Voters could decriminalize marijuana possession, ban no-knock search warrants
Voters will have a chance this month to determine whether the city of Austin will adopt two new ordinances that would eliminate low-level marijuana charges and ban no-knock search warrants.
The special election, which began in-person early voting on Monday and will conclude on May 7, follows a campaign by the nonprofit Ground Game Texas that collected over 30,000 signatures supporting the initiatives. The two policies will appear on the ballot as one proposal, Proposition A, meaning voters will need to vote for or against the two issues as a joint item.
While phasing out such practices is already unofficial policy within the Austin Police Department, voting the proposition into city code would prohibit changes from new leadership.
Over the past several years, cities and states across the nation have worked to eliminate punishment for possessing small amounts of marijuana, with some committing to legalize the substance entirely. In 2020, the Texas Legislature legalized the sale and consumption of hemp products, opening the door for a broader conversation surrounding recreational marijuana use.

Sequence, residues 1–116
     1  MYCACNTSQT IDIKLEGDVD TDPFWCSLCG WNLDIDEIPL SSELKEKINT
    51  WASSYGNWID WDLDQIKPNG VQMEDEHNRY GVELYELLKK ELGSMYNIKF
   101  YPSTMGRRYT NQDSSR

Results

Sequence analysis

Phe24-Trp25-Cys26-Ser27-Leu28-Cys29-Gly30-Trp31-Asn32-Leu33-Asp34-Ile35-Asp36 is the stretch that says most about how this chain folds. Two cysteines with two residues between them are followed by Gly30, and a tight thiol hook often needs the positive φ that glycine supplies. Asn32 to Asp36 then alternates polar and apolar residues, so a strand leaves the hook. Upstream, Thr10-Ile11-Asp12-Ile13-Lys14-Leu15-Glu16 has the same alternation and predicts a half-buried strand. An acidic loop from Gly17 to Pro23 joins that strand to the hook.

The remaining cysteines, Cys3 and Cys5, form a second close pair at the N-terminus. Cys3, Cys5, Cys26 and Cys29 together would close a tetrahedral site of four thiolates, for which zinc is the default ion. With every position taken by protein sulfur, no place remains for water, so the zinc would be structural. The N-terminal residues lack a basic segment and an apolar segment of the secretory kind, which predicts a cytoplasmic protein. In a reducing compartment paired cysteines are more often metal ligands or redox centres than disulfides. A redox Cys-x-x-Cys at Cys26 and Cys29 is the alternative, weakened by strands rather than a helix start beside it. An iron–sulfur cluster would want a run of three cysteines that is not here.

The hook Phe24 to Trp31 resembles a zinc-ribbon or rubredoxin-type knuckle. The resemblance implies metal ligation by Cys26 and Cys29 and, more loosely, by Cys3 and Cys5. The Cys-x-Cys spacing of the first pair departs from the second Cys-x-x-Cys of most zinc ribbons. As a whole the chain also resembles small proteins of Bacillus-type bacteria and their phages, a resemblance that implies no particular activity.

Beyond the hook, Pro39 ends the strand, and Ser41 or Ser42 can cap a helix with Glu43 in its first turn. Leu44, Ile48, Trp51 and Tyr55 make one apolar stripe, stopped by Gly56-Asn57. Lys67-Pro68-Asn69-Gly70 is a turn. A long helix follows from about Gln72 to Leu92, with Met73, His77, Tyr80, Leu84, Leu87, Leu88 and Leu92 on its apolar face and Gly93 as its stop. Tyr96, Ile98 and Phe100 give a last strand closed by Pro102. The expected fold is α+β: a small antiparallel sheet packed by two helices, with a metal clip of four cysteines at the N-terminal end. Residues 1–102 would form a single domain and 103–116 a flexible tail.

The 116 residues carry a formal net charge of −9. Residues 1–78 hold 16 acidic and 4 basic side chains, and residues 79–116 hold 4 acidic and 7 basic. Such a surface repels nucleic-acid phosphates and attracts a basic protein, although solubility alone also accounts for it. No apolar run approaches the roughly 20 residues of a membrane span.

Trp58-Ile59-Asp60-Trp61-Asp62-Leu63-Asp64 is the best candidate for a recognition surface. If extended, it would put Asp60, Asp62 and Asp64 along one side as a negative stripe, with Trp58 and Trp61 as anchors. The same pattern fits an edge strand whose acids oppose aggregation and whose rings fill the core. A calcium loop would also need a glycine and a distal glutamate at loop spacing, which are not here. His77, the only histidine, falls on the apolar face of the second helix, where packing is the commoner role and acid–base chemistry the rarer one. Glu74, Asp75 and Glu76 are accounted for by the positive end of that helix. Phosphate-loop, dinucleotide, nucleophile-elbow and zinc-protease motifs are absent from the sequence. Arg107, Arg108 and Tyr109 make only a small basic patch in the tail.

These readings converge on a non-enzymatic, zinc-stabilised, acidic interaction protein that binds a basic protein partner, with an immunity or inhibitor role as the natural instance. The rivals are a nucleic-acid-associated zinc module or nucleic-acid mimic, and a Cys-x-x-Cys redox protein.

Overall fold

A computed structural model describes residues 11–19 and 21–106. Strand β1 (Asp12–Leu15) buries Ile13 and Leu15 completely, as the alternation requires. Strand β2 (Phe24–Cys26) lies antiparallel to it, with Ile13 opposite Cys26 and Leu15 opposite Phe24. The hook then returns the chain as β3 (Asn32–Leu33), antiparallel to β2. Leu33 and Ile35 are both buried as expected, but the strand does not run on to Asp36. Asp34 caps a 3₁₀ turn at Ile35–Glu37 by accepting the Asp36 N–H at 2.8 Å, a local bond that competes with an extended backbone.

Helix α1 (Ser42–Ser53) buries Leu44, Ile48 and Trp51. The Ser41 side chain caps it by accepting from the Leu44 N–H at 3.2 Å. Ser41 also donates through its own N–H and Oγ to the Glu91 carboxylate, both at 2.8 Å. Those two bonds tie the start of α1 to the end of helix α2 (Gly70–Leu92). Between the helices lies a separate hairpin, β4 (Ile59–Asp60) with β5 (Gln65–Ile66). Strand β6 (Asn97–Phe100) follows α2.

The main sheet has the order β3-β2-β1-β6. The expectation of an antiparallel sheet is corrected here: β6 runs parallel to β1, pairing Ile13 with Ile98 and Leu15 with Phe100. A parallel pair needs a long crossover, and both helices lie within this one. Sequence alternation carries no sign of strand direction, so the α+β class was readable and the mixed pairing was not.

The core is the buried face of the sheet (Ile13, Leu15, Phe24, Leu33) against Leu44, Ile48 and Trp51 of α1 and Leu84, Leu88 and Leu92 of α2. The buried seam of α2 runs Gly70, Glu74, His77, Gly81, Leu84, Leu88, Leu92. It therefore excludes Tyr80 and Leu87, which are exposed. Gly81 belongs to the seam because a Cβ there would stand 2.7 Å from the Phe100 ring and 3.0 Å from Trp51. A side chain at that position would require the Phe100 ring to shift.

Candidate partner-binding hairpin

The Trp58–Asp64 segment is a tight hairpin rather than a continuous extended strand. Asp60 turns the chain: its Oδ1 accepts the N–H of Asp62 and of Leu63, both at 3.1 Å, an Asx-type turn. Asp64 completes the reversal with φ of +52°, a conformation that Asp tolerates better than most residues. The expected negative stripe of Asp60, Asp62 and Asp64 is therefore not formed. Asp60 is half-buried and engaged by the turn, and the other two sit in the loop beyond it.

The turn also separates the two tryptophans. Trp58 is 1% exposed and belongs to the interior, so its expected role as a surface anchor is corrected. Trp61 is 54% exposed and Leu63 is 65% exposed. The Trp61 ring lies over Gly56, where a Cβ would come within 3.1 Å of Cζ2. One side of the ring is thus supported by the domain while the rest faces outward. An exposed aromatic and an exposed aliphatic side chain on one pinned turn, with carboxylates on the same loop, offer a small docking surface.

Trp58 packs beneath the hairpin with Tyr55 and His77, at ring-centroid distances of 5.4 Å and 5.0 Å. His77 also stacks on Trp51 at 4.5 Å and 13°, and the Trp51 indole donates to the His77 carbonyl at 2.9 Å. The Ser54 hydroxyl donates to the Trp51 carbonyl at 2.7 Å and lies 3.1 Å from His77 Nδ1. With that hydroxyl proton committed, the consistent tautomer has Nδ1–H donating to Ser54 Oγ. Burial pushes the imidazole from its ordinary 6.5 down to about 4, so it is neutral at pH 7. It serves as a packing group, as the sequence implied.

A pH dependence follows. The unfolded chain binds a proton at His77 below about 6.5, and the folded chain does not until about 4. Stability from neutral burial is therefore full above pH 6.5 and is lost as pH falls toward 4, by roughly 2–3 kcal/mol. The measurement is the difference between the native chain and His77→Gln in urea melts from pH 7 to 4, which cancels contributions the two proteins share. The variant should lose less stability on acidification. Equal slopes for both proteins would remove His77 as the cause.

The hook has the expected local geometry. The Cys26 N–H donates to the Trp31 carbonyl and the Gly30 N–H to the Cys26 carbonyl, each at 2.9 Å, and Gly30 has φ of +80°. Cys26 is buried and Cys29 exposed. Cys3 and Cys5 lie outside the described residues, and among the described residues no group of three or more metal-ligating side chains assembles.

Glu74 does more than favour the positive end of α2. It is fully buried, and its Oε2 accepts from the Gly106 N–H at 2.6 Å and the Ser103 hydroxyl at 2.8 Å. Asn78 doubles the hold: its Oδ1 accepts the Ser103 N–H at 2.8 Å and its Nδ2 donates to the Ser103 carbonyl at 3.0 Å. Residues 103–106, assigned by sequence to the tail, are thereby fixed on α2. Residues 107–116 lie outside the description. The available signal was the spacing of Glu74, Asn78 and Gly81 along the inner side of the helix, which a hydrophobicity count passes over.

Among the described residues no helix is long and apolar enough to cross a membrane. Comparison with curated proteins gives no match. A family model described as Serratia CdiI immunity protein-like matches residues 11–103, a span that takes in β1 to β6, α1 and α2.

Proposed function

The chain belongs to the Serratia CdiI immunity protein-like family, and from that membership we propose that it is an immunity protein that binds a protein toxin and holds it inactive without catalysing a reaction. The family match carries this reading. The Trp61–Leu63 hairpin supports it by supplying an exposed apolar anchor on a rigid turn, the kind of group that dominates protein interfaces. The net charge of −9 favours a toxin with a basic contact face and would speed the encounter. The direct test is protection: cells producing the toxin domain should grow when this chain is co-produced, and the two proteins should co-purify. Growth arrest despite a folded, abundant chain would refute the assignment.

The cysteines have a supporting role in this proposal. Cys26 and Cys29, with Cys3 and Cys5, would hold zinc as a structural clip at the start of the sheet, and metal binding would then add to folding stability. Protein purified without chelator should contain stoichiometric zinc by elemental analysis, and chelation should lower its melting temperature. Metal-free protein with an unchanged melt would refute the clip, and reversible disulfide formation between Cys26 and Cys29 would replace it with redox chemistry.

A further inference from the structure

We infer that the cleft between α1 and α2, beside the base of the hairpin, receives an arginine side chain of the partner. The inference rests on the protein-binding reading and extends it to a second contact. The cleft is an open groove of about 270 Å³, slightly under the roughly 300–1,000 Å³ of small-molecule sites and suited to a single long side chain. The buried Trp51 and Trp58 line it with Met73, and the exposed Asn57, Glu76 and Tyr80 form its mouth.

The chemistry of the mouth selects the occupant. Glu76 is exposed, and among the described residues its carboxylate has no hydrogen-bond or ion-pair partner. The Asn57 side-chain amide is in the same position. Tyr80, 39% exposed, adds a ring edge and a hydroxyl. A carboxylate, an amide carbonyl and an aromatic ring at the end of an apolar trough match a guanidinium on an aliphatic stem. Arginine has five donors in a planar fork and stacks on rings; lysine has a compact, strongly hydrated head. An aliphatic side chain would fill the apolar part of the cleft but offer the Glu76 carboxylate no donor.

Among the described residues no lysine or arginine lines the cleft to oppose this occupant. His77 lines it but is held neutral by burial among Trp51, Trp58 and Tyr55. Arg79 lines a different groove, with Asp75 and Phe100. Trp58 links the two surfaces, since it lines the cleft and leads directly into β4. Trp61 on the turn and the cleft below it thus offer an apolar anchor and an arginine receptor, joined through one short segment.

No-knock search warrants, long criticized as a dangerous escalation practice, came under scrutiny following the police shooting of Breonna Taylor of Louisville, Kentucky. As public demands to address police brutality intensified, a City Council ordinance limited the use of such warrants in the summer of 2020 but fell short of an outright ban.
If Prop A passes, advocates hope the policies will help to improve racial equity outcomes in law enforcement, which disproportionately targets people of color.
Early voting is now underway until May 3 at select early voting locations. Election day is Saturday, May 7. Those gearing up to cast their votes may check out a sample ballot as well as a map of polling locations.
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